Editor’s Corner: Are Consumers Ready for the Virtual Living Will? Apparently Not.

Volume 6, No. 2, Spring 2001

Carol A. Schwab

For the past year or so, the North Carolina General Assembly has been studying whether to establish an on-line central registry for advance directives. To find out whether consumers would be interested in having their living will and health care power of attorney posted on-line, I wrote an editorial last summer for The Forum and posted a survey asking readers whether they were interested in an on-line central registry for their advance directives. (See, Schwab, Carol. 2000. Editor’s Corner: Posting advance directives on-line — are consumers ready for the virtual living will? The Forum for Family and Consumer Issues 5(2).)

As of April 27, 2001, 164 people had submitted a response, although not every participant answered each question. Some of the participants responded on a hard copy and their responses were entered into the database by my secretary. The survey responses were definitive. Respondents have little interest in posting their advance directives on-line, and they have only a slight interest in registering them with a state agency.

The survey questions and results follow.

  1. I have the following advance directives (mark all that apply).
    • Living will: 42 percent
    • Health Care Power of Attorney: 35 percent
    • Advance Instruction for Mental Health Treatment: 8 percent
    • Organ donation: 36 percent
    • None: 33 percent
  2. Are you interested in registering your advance directives with your state government?
    • Very interested: 10 percent
    • Somewhat interested: 30 percent
    • Not interested at all: 60 percent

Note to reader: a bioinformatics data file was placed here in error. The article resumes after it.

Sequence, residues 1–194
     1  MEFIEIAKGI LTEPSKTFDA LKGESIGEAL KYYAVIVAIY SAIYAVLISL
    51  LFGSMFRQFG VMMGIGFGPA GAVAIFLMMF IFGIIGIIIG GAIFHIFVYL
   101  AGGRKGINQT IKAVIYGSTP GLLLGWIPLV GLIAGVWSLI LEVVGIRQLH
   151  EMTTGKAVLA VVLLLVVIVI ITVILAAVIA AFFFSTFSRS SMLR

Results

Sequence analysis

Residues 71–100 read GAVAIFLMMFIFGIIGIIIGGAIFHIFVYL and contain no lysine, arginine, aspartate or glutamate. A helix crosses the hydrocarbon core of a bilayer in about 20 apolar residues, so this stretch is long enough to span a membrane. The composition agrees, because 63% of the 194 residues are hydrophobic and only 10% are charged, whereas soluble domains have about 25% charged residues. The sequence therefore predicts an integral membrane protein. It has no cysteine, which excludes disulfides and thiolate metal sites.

3. Are you interested in having your advance directives posted on the Internet?
    • Very interested: 4 percent
    • Somewhat interested: 22 percent
    • Not interested at all: 74 percent
  4. What is the maximum amount that you would be willing to pay to register your advance directives and to have them posted on the Internet?
    • $0.00: 73 percent
    • $10.00 or less: 14 percent
    • $10.00 – $25.00: 6 percent
    • $25.00 – $50.00: 3 percent
    • $50.00 – $100.00: 2 percent
  5. If your advance directives were posted on the Internet, who would you want to have access to them? (Check all that apply.)
    • Myself: 77 percent
    • My health care agent and alternates: 36 percent
    • My attorney-in-fact (durable power of attorney): 40 percent
    • My lawyer: 40 percent
    • Selected family members: 64 percent
    • My minister/priest/rabbi or other member of clergy: 17 percent
    • My health care providers (including those in emergency situations: 40 percent
    • Other people of my choice: 23 percent
    • All of the health care providers in my State: 5 percent
    • All of the health care providers in the United States: 6 percent
    • Anybody in the world: 1 percent
  6. Is it important for you to be able to control who has access to your advance directives on the Internet?
    • Very important: 78 percent
    • Somewhat important: 7 percent
    • Not very important: 14 percent
  7. Is it important for your advance directives to remain confidential?
    • Very important: 72 percent
    • Somewhat important: 19 percent
    • Not very important: 9 percent
  8. Are you a resident of North Carolina:
    • Yes: 81 percent
    • No: 19 percent
  9. What is your age?
    • Under 20: 0 percent
    • 20-25: 3 percent
    • 26-35: 4 percent
    • 36-45: 11 percent
    • 46-55: 23 percent
    • 56-65: 19 percent
    • 66-75: 27 percent
    • 76-85: 12 percent
    • 86 and older: 2 percent
  10. What is your gender: